[Multiple edits]

On “Self-Evident Truths”

When one talks about a “self-evident truth,” what exactly is one talking about?

In one sense, it is “self-evidently true” that when one looks at an object — say, this pint glass next to me as I type — I see that it is a pint-glass.  It is “self-evidently true” that I am looking at a pint-glass (putting to aside worries of Cartesian demonic deception), because I do not perform an inference.  My perception of the pint-glass is not the conclusion of an argument, based on premises.  It is a paradigm case of non-inferential knowledge.

But in another sense, this perceptual knowledge is not “self-evident,” if by that we mean knowledge that does not depend on any further presuppositions.  For the contrary is the case: a great deal of background knowledge must be presupposed in order for me to see the pint-glass — for example, I must have the concept of “pint-glass” and know how to apply that concept.  Even the transparent cases of analytic propositions (“a vixen is a fox”, “the sum of the interior angles of a Euclidean triangle is 180 degrees”, “every effect has a cause”) presuppose as their respective background an adequate grasp of the concepts involved.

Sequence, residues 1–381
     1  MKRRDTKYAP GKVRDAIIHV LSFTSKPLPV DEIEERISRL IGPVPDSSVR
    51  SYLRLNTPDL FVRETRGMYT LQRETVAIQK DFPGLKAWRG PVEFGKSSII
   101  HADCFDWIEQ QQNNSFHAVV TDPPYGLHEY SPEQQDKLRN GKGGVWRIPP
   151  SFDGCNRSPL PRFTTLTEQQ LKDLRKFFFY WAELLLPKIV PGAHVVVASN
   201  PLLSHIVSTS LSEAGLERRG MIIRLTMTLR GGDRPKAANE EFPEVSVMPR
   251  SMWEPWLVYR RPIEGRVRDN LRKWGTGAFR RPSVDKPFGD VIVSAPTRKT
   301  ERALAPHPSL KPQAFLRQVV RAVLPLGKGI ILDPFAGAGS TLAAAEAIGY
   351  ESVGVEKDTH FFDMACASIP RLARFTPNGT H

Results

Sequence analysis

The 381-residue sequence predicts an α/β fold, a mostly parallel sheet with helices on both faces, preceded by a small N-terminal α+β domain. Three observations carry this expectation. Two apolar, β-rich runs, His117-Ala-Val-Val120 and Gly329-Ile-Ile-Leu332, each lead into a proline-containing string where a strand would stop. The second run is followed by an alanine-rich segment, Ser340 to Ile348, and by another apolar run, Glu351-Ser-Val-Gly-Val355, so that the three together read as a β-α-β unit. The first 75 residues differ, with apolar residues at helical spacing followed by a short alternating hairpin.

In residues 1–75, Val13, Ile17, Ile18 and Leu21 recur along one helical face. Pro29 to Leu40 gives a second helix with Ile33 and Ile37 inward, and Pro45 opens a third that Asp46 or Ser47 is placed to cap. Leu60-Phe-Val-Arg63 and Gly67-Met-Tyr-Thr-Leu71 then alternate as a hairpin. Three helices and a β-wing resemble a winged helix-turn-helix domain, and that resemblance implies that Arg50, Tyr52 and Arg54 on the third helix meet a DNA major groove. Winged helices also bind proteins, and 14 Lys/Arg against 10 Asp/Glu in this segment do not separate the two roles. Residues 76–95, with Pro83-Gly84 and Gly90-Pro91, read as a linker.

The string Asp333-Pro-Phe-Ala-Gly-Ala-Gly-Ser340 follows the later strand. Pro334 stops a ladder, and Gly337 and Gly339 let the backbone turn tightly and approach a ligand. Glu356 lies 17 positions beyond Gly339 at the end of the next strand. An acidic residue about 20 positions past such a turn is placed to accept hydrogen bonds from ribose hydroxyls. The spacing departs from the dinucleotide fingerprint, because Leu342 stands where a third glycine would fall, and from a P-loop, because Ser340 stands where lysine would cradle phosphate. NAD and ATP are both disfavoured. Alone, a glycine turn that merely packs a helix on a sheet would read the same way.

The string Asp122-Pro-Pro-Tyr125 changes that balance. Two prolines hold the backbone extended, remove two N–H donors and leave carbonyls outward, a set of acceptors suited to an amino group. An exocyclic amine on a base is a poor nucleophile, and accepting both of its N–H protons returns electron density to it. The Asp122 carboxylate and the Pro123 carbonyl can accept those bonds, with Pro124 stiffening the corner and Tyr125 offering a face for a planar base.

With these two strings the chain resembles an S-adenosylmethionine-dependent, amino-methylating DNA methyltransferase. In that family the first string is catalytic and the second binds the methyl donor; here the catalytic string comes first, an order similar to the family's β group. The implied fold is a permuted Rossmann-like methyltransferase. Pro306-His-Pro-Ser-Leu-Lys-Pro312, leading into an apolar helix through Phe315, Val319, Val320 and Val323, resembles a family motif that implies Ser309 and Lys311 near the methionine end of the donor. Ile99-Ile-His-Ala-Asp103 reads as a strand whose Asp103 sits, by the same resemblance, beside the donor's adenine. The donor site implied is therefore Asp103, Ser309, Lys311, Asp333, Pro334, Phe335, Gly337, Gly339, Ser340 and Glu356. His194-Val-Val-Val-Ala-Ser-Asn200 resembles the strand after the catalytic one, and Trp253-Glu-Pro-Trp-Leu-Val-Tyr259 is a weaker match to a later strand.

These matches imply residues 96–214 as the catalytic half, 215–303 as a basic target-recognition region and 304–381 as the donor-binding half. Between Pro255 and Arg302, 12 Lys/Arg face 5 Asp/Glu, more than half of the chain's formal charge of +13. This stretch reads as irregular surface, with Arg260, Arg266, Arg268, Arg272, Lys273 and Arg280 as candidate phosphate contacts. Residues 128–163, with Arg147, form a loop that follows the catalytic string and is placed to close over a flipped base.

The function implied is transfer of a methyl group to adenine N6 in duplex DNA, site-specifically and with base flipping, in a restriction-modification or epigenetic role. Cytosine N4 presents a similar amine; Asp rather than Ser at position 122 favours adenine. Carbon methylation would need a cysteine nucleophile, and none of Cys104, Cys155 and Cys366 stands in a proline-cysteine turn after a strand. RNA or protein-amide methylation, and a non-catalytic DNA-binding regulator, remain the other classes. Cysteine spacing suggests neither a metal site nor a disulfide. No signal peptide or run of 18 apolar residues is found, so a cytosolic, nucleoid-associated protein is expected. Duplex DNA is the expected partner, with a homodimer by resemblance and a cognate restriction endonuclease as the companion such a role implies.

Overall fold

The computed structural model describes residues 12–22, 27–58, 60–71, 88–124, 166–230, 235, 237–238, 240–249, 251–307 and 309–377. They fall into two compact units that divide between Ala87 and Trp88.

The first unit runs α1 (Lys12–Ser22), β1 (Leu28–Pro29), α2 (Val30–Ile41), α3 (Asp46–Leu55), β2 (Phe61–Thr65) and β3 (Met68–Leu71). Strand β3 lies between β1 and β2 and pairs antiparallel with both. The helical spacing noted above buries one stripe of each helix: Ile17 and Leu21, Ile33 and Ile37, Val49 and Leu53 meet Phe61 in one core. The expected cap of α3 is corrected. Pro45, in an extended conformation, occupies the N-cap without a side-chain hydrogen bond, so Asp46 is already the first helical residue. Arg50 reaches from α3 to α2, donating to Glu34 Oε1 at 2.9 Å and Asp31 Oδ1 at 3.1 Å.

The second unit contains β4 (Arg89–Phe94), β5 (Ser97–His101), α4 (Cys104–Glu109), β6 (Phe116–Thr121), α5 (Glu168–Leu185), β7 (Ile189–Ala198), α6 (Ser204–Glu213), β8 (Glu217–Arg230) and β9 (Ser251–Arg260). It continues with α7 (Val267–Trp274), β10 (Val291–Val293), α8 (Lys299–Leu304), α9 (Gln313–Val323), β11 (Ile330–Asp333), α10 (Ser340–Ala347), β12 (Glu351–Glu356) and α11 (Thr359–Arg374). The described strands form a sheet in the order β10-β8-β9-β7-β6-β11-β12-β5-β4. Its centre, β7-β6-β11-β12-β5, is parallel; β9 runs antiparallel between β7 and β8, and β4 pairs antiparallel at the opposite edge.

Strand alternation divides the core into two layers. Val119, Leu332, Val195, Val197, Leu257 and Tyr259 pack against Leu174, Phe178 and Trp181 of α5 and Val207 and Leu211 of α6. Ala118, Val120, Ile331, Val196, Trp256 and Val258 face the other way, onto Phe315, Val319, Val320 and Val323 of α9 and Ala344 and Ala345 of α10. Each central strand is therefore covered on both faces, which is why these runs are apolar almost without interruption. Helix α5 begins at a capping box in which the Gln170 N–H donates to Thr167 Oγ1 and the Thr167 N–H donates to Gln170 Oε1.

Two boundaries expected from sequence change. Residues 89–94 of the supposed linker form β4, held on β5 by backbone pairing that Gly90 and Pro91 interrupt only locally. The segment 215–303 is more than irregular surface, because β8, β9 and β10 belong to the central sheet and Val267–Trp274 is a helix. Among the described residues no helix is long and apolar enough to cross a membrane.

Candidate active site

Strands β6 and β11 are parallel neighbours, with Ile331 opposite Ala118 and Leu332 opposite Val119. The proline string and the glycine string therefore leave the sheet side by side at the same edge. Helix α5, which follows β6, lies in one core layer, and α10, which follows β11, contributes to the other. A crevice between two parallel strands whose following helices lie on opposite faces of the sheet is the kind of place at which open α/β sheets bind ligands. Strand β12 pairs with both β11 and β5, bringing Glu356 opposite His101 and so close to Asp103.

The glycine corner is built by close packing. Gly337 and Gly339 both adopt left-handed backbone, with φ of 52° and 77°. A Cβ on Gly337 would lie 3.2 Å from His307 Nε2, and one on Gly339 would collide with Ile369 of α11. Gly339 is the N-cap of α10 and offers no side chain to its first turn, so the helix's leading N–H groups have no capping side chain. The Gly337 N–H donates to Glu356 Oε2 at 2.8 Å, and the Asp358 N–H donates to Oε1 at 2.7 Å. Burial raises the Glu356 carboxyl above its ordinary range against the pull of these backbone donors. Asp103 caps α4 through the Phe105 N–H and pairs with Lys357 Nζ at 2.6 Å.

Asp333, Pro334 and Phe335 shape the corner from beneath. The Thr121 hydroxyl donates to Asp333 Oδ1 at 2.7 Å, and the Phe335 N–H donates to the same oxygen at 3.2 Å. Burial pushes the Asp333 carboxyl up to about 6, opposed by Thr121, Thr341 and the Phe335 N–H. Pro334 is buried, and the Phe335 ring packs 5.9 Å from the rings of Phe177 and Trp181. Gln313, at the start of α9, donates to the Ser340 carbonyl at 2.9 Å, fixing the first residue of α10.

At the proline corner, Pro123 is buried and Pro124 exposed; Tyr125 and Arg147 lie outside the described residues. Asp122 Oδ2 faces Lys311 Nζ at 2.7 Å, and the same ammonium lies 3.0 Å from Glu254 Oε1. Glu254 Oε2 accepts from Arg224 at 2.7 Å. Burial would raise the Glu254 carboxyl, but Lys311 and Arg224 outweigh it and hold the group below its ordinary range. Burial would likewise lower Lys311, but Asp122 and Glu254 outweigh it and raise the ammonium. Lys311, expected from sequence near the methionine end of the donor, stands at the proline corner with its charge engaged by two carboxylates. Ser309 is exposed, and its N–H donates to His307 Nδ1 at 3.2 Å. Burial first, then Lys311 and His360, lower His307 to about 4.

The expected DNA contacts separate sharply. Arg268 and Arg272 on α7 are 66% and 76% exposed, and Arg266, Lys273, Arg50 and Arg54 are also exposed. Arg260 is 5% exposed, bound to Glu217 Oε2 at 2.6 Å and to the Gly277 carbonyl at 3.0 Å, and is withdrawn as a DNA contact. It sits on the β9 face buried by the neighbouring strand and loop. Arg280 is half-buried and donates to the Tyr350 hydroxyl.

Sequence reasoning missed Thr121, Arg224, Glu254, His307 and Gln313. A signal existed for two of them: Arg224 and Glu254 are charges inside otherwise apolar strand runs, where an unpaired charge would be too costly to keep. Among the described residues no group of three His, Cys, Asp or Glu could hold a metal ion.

It is sometimes said that if a proposition is self-evidently true, then nothing can be done which would show it to be to true to someone who denied it.  But this is not quite right.  What is right is that a proposition is self-evidently true, then it cannot be demonstrated from some other premises nor arrived at through generalizations — it is not grounded in either deduction or induction, one might say.

But that does not mean that one cannot resort to all sorts of other arguments or thought-experiments that disclose that the proposition is self-evidently true.  A classic example of this is Descartes’s famous “I think, therefore I am.”   This is not the result of inference or observation, yet Descartes spends a great deal of time setting the stage to prepare the reader for this truth and to see it as self-evident.   For this reason, “I can’t convince of you of this, because it’s self-evidently true” should not be accepted without criticism.

Because of this distinction between non-inferential knowledge and presuppositionless knowledge, accepting the importance of the former does nothing to settle whether or not we ought to be committed to the latter.   The failure to see this is what Sellars called “the Myth of the Given,” which is the original sin of rationalism and empiricism alike.

The Semantic Apocalypse